Councillors will recall we adopted the new Homelessness Prevention Strategy for the City at the Full Council meeting in November last year. This is a 5 year plan aimed at reducing homelessness through a range of interventions delivered in partnership with a range of agencies across the City. Nottingham has a very good record on homelessness prevention and it is only in recent times that we have struggled to tackle homelessness and had to resort to the use of bed and breakfast accommodation on a temporary basis. Through some magnificent work by officers and councillors we have managed to eliminate the use of bed and breakfast but the job is not done and the pressures are still there. We need to go back to being a leading authority in homelessness prevention, and the new Strategy, which takes full account of the new powers within the Homelessness Reduction Act, will help us do this. The Strategy has four priority areas, which are addressing the causes of homelessness; homelessness prevention; the relief of homelessness; and tackling rough sleeping. Specifically in terms of prevention, the Strategy focuses on some areas where we can intervene early on to stop people becoming homeless, for example people having to leave private rented tenancies which is one of the biggest causes of homelessness in the City. We will work with landlords and tenants to try and solve the tenancy problems and enable people to stay. We will also ensure that evictions from either the private rented sector or social tenancies are prevented wherever possible and we will try to mediate between household members. The work with the agencies is a significant part of it. The Strategy is very ambitious and requires resources and we are making the best use of the grant we receive from central government and we are exploiting any bidding opportunities to enable us to boost the funding we have available to assist people. We will always need temporary accommodation so the Council and Nottingham City Homes are investing resources in this. The Strategy and objectives will only be delivered by working in partnership with a range of agencies and stakeholders and this is what the Homelessness Charter is about, which Councillor Barnard has played a significant role in helping to pull together so that all sectors can make a pledge to show how they will help reduce homelessness. As the Strategy states, the Council and its partners believe that preventing and tackling homelessness are everyone’s business in Nottingham and everyone has a right to a home.
Councillor Mike Edwards asked the following question of the Portfolio Holder or Finance, Resources and Commercial Services:
Is the Deputy Leader aware that the Government sneaked out changes to last week which will result in mixed couples losing more than £7000?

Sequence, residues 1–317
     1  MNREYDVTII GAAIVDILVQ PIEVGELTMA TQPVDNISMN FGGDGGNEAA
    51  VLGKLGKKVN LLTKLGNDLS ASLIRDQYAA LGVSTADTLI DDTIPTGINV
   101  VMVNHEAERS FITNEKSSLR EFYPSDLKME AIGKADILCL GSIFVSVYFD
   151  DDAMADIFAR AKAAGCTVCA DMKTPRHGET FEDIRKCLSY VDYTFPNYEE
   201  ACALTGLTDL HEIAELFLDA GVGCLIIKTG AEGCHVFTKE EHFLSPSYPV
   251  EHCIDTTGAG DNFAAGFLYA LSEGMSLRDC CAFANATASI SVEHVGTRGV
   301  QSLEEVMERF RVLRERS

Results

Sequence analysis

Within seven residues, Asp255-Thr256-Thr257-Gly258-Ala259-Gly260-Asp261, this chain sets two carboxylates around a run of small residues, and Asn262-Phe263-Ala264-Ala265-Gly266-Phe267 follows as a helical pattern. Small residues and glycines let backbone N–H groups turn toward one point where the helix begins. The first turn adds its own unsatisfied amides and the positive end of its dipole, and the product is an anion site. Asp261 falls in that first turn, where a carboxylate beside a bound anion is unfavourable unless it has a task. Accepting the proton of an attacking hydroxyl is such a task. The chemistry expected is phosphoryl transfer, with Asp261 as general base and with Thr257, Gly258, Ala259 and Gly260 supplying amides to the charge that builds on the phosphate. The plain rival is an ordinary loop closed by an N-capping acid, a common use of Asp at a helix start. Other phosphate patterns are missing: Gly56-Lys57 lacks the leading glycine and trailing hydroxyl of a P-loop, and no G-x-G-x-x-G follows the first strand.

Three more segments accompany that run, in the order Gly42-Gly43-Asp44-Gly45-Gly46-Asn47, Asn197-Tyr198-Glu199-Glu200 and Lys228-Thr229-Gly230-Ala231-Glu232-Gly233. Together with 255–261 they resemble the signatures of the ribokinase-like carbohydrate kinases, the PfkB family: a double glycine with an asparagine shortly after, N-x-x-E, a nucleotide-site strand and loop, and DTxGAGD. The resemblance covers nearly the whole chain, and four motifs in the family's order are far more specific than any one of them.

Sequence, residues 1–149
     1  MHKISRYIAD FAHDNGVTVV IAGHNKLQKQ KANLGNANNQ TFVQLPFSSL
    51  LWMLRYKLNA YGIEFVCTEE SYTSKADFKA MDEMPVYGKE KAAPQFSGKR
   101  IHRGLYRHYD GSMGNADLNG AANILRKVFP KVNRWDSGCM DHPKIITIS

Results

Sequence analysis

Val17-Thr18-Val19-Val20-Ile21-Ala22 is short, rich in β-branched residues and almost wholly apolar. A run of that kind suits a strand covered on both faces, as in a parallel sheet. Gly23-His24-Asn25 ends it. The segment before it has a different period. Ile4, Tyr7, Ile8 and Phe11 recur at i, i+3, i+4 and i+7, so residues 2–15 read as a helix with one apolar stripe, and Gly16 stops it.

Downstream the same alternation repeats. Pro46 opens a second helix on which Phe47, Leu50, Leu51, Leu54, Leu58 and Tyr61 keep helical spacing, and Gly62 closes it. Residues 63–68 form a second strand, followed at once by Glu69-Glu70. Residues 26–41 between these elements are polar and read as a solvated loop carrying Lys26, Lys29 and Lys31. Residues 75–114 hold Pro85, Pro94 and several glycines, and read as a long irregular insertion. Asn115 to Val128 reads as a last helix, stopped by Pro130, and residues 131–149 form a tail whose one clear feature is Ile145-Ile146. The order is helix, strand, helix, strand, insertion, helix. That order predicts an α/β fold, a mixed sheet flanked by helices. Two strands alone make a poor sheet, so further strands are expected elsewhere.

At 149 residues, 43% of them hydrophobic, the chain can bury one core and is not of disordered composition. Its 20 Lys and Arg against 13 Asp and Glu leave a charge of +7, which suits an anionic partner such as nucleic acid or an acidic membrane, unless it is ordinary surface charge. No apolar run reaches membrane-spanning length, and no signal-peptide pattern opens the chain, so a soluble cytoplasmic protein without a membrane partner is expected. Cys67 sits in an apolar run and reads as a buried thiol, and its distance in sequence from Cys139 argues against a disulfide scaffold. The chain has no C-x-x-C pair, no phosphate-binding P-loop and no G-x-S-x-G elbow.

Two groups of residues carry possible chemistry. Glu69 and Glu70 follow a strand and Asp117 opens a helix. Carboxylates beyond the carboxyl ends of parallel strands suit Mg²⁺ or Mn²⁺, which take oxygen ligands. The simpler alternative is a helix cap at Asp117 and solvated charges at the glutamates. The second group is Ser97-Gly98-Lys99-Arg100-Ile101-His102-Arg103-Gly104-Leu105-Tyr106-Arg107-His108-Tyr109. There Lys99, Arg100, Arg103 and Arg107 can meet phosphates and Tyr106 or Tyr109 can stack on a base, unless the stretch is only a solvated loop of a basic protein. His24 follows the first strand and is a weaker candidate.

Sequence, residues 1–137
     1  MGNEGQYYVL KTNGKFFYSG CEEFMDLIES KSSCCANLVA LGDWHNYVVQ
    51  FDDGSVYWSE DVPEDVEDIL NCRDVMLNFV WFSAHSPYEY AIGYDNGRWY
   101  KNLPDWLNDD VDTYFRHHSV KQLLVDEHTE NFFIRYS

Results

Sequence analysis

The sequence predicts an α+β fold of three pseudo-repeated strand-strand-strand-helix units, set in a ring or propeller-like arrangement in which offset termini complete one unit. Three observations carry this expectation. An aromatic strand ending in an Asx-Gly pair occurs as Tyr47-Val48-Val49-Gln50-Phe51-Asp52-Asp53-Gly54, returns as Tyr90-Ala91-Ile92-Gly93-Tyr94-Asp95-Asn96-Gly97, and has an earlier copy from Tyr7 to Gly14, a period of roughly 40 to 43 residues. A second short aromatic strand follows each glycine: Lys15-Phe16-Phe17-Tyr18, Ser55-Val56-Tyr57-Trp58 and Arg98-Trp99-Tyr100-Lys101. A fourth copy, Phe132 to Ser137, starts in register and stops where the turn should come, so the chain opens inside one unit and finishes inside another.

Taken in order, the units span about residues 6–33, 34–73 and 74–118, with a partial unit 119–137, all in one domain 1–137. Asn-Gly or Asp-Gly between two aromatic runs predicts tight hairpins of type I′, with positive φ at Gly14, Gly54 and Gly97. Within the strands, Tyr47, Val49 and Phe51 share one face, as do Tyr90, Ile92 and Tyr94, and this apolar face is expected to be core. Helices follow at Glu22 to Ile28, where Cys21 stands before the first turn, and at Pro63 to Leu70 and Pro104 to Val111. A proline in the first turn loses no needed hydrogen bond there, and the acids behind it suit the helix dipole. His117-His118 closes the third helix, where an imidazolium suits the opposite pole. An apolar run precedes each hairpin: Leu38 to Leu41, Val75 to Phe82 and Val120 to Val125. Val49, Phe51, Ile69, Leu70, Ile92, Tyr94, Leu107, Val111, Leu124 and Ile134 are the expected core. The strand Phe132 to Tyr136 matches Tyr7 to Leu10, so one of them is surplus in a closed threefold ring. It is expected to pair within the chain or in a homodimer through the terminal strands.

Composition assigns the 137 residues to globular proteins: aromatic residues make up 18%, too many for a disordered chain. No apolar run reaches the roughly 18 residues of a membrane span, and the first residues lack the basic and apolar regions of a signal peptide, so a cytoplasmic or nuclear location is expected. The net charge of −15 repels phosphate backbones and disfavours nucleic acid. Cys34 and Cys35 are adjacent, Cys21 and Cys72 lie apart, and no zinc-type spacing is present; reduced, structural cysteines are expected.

Councillor Graham Chapman replied as follows:
Thank you for the question Councillor. Yes, I am very aware. These changes were slipped out last Monday night by the Department for Work and Pensions in the middle of the Brexit debates on Monday and Tuesday. They mean that from 15 May new pensioners whose partners are younger than the state retirement age of 65 can no longer claim means tested top-up called Pension Credit. Instead they will be forced to claim much less generous Universal Credit alongside their younger partners. The couple rate of Universal Credit is £114.81 per week. Compare this with the £255.25 for a couple receiving Pension Credit. This amounts to a loss over a year of £7320. Currently people who reach retirement age and are eligible can claim Pension Credit regardless of the age of their partner. In future they will have to wait until their partner reaches 65 although the state retirement age will increase to 66 in October 2020. Couples with one partner under state pension age who are already in receipt of Pension Credit are unaffected and that is very important. We don’t want to panic anybody. People already receiving it will not be affected, but they will move to the new system and, this is very important, they will move to the new system if their circumstances change such as change of address, or even if the pensioner’s partner goes abroad for longer than a month. The average age gap for mixed age couples is 2.6 years meaning that the cash loss incurred before the younger partner becomes old enough to claim Pension Credit could be as much as £19,000. So there will be couples in Nottingham who surreptitiously have had £19,000 taken away from their income, and don’t think these are well off couples. These are couples that are not well off by definition. The government will have taken up to £19,000 over two and half years from these people. I would like to contrast this with another change that was slipped out this month. It is to do with tax havens. The announcement in 2016 by the Cameron Government promised the publication of a register of investors in tax havens by 2020. This was to expose firms avoiding tax and in some cases evading tax, but mainly avoiding. This month we learn that the deadline has been slipped to 2023. This means it will be harder to clamp down on firms who are avoiding tax. So in the same month as we are taking up to £19,000 away from pensioners, badly off pensioners, we let off the hook firms who are avoiding tax, evading tax to the tune of millions and millions and millions. Do not underestimate how much this happens. I remember one developer in Nottingham coming to me saying, well everybody puts their money into tax havens. I thought, well not everybody on the Broxtowe Estate does that. Do not underestimate how pervasive this is and how they have been let off the hook at the same time as you are pinching pennies off the poorest pensioners.